• Provide evaluation and implementation research support to MOHSW and other partners responsible for community programming to effectively scale up the community program. 


  • Muhimbili University of Health and Allied Sciences (MUHAS)
Evaluation of an Integrated Maternal and Newborn Health Care Program

Monitoring, documentation and evaluation of an Integrated Maternal and Newborn Health Care Program in Morogoro Region (Tanzania)

The goal of this project is to improve maternal, newborn and child health outcomes by identifying optimal strategies for implementation and sustained delivery of evidence-based, cost-effective, culturally acceptable, and integrated maternal newborn care interventions with attention to both HIV positive and negative mothers and infants. 

This is an external evaluation of the “Integrated Maternal and Newborn Health Care Program in Morogoro Region, Tanzania.”  The Integrated Program is a maternal, newborn, postpartum care, and HIV/AIDS program implemented by the Tanzania Ministry of Health and Social Welfare (MOHSW) with technical support from Jhpiego and other partners.  The main components of the Integrated Program include capacity building at health facilities and development of a Community Health Worker (CHW) program to provide behavior change communication (BCC).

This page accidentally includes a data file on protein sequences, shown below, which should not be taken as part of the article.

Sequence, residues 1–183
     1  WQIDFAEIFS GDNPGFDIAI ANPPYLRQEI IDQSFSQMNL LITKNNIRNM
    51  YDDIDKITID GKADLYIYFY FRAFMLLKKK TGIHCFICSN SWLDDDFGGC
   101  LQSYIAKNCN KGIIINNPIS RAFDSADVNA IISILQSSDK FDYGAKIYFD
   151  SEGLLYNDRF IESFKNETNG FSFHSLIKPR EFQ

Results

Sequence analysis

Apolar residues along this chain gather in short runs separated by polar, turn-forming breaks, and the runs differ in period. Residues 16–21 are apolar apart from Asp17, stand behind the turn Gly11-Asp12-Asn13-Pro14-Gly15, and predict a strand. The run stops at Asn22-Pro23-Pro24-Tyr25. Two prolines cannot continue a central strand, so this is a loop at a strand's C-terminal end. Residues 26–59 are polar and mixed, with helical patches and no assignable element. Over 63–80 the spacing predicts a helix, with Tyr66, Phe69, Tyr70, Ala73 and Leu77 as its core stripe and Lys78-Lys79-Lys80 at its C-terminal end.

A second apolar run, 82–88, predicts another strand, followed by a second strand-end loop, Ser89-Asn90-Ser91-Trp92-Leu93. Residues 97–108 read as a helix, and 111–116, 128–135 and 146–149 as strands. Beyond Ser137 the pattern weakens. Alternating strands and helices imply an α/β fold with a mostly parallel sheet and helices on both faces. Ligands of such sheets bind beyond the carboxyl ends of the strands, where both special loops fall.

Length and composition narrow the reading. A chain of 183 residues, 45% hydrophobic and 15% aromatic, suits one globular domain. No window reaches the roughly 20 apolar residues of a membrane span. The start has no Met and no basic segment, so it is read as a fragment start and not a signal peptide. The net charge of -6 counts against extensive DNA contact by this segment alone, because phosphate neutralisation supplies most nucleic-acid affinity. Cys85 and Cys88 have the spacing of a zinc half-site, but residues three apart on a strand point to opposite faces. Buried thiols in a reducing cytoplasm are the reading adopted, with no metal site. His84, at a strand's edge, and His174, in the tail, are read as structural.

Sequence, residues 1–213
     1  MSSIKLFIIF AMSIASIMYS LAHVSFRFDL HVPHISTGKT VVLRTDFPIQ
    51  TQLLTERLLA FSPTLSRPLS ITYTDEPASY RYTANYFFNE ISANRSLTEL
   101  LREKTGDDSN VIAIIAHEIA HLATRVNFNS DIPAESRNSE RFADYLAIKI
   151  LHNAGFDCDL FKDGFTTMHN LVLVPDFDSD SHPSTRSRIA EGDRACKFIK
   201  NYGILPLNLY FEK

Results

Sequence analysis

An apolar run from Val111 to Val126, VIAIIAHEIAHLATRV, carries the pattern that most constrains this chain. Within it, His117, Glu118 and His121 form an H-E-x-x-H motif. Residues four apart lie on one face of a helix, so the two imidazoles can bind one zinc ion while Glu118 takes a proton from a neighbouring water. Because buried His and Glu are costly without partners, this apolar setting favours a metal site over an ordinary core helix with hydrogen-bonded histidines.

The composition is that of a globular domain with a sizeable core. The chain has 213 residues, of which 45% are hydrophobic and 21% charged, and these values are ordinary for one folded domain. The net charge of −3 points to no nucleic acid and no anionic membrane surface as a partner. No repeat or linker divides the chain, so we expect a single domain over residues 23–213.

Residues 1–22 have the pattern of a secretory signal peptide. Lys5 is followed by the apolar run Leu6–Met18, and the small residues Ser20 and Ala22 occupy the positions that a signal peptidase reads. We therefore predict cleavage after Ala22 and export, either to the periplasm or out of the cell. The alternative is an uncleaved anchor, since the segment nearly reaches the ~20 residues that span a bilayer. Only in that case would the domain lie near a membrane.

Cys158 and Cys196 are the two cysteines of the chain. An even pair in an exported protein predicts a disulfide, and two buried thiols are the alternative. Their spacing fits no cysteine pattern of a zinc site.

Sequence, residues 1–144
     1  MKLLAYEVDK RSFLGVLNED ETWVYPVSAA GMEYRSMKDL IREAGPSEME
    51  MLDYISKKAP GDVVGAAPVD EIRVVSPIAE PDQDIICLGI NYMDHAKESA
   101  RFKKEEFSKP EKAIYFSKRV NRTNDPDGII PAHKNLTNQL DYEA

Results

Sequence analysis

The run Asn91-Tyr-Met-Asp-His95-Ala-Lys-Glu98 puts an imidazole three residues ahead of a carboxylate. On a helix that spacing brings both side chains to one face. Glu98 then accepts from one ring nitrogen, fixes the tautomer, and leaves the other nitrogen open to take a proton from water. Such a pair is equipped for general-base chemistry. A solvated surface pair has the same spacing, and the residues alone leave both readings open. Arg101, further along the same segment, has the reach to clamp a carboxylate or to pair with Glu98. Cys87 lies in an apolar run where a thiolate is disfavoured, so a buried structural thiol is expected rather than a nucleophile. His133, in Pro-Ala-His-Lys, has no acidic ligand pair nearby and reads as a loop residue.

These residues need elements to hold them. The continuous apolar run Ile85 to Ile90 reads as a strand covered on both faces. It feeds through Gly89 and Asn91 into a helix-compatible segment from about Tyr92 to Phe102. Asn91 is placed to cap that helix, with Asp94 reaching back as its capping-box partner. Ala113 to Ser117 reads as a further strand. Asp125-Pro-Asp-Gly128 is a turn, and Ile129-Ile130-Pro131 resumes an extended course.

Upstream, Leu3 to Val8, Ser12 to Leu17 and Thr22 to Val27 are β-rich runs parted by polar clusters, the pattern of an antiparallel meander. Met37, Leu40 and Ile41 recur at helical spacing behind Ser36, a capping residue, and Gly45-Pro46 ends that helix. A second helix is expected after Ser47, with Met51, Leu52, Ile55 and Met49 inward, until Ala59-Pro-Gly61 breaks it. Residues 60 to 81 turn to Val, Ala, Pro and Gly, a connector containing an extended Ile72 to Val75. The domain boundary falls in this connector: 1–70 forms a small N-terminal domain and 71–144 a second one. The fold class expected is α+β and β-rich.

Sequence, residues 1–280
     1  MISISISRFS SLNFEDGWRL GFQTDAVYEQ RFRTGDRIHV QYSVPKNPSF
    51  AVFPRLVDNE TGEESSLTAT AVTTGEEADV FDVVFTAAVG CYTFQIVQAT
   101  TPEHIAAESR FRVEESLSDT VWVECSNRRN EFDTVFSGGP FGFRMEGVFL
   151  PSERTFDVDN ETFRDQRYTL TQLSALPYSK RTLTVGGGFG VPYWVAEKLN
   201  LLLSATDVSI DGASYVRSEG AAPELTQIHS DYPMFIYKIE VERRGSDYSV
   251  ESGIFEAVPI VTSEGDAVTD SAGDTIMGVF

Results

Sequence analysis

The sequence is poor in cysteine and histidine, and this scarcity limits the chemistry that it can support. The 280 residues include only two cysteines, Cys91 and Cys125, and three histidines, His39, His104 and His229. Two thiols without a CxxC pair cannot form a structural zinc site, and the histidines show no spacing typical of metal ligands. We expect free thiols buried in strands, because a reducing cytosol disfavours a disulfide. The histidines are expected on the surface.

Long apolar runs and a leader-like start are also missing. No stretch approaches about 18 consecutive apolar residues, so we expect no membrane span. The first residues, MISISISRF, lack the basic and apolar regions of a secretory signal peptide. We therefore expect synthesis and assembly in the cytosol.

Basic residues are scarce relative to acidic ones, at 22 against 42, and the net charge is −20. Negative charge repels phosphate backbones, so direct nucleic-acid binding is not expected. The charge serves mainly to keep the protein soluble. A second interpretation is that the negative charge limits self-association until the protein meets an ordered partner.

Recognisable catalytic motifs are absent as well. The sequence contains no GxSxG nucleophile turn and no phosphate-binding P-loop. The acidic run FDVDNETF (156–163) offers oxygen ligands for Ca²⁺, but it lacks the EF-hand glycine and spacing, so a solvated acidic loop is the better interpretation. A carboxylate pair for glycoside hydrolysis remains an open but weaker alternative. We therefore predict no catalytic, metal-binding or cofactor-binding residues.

Greenspan JA, McMahon SA, Chebet JJ, Mpunga M, Urassa DP, Winch PJ. Sources of community health worker motivation: a qualitative study in Morogoro Region, Tanzania.  Hum Resour Health. 2013 Oct 10;11:52. doi: 10.1186/1478-4491-11-52. Review.


  • Muhimbili University of Health and Allied Sciences (MUHAS)
Simplified Antibiotic Treatment (SAT)

Safety and Efficacy of Simplified Antibiotic Regimens for Outpatient Treatment (SAT) of Suspected Severe Infections in Neonates and Young Infants (Bangladesh)